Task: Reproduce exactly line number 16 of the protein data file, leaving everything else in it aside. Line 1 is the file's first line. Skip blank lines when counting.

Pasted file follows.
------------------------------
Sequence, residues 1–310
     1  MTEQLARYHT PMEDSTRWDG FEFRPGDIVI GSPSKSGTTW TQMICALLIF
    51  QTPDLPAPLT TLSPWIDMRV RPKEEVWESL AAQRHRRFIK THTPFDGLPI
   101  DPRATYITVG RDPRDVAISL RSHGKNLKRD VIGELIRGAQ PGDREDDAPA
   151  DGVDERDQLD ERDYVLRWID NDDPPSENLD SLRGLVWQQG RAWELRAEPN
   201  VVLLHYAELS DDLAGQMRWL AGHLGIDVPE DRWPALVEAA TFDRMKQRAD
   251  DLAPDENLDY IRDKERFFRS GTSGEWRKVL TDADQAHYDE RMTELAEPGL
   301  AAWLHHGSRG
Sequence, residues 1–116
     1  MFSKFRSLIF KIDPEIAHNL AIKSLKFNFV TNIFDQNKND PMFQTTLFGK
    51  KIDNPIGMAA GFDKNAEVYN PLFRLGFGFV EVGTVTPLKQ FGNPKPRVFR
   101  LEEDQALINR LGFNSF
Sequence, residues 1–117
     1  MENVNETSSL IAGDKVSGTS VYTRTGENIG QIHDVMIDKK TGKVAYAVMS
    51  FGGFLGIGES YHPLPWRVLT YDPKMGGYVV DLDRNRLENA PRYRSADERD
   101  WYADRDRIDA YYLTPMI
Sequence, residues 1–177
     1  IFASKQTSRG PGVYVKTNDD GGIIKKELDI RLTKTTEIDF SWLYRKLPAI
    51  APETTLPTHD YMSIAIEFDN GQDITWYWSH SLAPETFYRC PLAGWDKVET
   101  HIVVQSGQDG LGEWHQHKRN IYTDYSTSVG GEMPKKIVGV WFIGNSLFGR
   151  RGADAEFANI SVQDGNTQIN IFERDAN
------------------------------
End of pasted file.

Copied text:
   101  WYADRDRIDA YYLTPMI